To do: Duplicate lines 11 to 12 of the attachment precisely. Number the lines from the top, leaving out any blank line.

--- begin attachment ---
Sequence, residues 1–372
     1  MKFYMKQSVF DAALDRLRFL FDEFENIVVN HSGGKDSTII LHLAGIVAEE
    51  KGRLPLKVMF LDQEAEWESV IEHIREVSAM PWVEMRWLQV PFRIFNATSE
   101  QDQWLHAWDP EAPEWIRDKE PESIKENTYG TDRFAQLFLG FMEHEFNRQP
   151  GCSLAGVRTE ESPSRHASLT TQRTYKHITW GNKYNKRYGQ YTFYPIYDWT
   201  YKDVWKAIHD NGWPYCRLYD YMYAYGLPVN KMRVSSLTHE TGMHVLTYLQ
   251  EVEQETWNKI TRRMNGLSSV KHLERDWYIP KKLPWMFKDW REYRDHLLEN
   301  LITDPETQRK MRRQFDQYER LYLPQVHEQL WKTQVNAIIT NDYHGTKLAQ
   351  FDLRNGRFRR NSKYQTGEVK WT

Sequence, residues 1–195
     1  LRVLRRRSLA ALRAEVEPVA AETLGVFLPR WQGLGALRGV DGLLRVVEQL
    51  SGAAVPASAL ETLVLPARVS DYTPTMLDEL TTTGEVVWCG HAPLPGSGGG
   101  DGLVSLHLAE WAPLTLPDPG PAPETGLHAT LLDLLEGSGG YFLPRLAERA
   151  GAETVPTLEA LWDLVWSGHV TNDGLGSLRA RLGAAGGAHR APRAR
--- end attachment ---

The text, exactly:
     1  LRVLRRRSLA ALRAEVEPVA AETLGVFLPR WQGLGALRGV DGLLRVVEQL
    51  SGAAVPASAL ETLVLPARVS DYTPTMLDEL TTTGEVVWCG HAPLPGSGGG